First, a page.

BHO

Memorials: 1405

Pages 560-561

Memorials of London and London Life in the 13th, 14th and 15th Centuries. Originally published by Longmans, Green, London, 1868.

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Proclamation made as to the sale of Faggots and Charcoal.

7 Henry IV. A.D. 1405. Letter-Book I. fol. xlvii. (Norman French.)

"Let proclamation be made, that no person, freeman or foreigner, who sells wood called 'fagot,' or charcoal, within the franchise of the City of London by retail, shall sell such fagot at a higher price than 4 shillings the hundred, or two fagottes for a penny, and one fagot for a halfpenny; and the quarter of charcoal for not more than 10 pence, and the half quarter for 5 pence; on pain of forfeiture of all the fagot and charcoal to the use of the Chamber, that shall be sold to the contrary hereof. And he who shall refuse to sell fagot or charcoal, in opposition hereunto, shall incur the forfeiture before mentioned."

Charge sent to the Aldermen by the Mayor, as to the Watch.

7 Henry IV. A.D. 1405. Letter-Book I. fol. xlvii. (Norman French.)

"We do command and charge you, strictly enjoining that, immediately on sight hereof, you do cause your Wardmote to be held; to the end that you may have the defaults which by inquisition before you shall be found therein, and as to the which you yourself shall not be able to make due correction, ready before us at the Guildhall, at our General Court, to be holden on the Monday next after the Feast of the Typhanye (fn. 1) next ensuing, that so we may make due redress therein, as unto the case shall pertain: further charging and commanding you, that you do order good and sufficient watch of folks, properly armed and arrayed, to be kept in your Ward every night during this solemn Feast of Christmas; going always, and passing, through all the streets and lanes in your said Ward, in manner as heretofore has been wont to be done. And that no persons shall go in the said city, or in the suburbs thereof, with visors or false faces, on the pain that awaits the same. And that on the outside of every house that is upon the high streets and lanes of the said city, every night during the solemn Feast aforesaid, a lantern shall be hung, with a lighted candle therein, the same to burn so long as it may last; on pain of paying four pence to the Chamber of the Guildhall, every time that default in such light shall be made. And this you are in no manner to omit. Written at London, under the Seal of our Mayoralty, the 13th day of December, in the 7th year of the reign of our most dread Lord, King Henry, now reigning."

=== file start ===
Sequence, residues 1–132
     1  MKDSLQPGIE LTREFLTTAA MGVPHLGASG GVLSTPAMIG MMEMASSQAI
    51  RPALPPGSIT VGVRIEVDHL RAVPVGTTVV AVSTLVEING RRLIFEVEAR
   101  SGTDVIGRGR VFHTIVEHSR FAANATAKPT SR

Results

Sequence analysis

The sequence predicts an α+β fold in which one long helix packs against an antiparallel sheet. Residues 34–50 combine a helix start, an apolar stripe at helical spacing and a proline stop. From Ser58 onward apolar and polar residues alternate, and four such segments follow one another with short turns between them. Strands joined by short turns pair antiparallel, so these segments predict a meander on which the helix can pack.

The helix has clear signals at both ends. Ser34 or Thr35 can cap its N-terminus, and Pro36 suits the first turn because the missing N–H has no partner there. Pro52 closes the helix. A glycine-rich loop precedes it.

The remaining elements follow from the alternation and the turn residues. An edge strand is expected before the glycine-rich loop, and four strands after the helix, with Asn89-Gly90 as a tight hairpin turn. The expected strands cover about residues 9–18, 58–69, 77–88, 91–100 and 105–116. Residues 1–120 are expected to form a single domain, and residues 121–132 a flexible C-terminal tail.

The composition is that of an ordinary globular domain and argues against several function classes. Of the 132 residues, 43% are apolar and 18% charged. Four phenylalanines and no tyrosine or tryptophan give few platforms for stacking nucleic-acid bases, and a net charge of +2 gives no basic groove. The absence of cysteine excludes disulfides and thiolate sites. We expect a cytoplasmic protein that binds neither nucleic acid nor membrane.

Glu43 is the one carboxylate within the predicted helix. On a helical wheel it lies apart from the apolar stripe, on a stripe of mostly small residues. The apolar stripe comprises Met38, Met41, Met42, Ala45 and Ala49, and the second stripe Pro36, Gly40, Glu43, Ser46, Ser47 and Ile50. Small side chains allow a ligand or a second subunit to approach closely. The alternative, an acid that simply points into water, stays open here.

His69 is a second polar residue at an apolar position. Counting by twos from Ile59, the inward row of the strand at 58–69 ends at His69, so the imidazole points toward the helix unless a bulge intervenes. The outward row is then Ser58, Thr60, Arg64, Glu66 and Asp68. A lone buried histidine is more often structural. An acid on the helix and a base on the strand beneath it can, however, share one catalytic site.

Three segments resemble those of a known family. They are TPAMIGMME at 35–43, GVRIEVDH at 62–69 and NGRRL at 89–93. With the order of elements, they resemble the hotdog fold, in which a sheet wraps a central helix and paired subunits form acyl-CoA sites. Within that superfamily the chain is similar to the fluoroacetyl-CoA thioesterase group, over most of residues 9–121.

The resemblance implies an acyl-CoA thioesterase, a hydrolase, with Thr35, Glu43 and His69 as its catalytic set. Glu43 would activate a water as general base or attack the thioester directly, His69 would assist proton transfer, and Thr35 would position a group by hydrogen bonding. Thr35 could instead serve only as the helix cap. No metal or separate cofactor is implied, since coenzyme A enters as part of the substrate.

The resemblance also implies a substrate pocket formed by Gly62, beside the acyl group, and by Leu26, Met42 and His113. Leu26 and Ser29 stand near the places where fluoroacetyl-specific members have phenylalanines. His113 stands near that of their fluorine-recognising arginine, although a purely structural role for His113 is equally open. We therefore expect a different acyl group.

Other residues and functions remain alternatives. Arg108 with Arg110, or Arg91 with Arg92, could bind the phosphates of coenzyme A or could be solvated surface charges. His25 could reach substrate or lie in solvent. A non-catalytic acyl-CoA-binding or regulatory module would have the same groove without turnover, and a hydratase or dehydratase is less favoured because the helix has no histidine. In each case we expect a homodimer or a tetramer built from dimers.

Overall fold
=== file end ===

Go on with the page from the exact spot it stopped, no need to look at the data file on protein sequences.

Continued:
Footnotes

  • 1. Or Epiphany, 6 January.